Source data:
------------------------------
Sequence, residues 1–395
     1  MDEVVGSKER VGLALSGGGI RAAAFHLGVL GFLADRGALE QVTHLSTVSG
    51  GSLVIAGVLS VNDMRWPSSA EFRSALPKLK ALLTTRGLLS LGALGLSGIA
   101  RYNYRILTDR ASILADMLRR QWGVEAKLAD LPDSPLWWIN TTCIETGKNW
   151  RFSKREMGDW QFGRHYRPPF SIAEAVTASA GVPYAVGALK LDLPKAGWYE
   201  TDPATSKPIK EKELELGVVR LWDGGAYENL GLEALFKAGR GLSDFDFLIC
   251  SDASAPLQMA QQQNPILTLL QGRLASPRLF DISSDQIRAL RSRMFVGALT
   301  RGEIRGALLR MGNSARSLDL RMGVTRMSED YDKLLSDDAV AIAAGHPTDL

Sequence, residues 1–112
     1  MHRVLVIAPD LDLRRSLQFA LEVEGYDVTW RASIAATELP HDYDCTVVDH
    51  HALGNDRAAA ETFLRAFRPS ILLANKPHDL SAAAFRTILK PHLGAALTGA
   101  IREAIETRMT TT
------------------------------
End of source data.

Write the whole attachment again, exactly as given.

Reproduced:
Sequence, residues 1–395
     1  MDEVVGSKER VGLALSGGGI RAAAFHLGVL GFLADRGALE QVTHLSTVSG
    51  GSLVIAGVLS VNDMRWPSSA EFRSALPKLK ALLTTRGLLS LGALGLSGIA
   101  RYNYRILTDR ASILADMLRR QWGVEAKLAD LPDSPLWWIN TTCIETGKNW
   151  RFSKREMGDW QFGRHYRPPF SIAEAVTASA GVPYAVGALK LDLPKAGWYE
   201  TDPATSKPIK EKELELGVVR LWDGGAYENL GLEALFKAGR GLSDFDFLIC
   251  SDASAPLQMA QQQNPILTLL QGRLASPRLF DISSDQIRAL RSRMFVGALT
   301  RGEIRGALLR MGNSARSLDL RMGVTRMSED YDKLLSDDAV AIAAGHPTDL

Sequence, residues 1–112
     1  MHRVLVIAPD LDLRRSLQFA LEVEGYDVTW RASIAATELP HDYDCTVVDH
    51  HALGNDRAAA ETFLRAFRPS ILLANKPHDL SAAAFRTILK PHLGAALTGA
   101  IREAIETRMT TT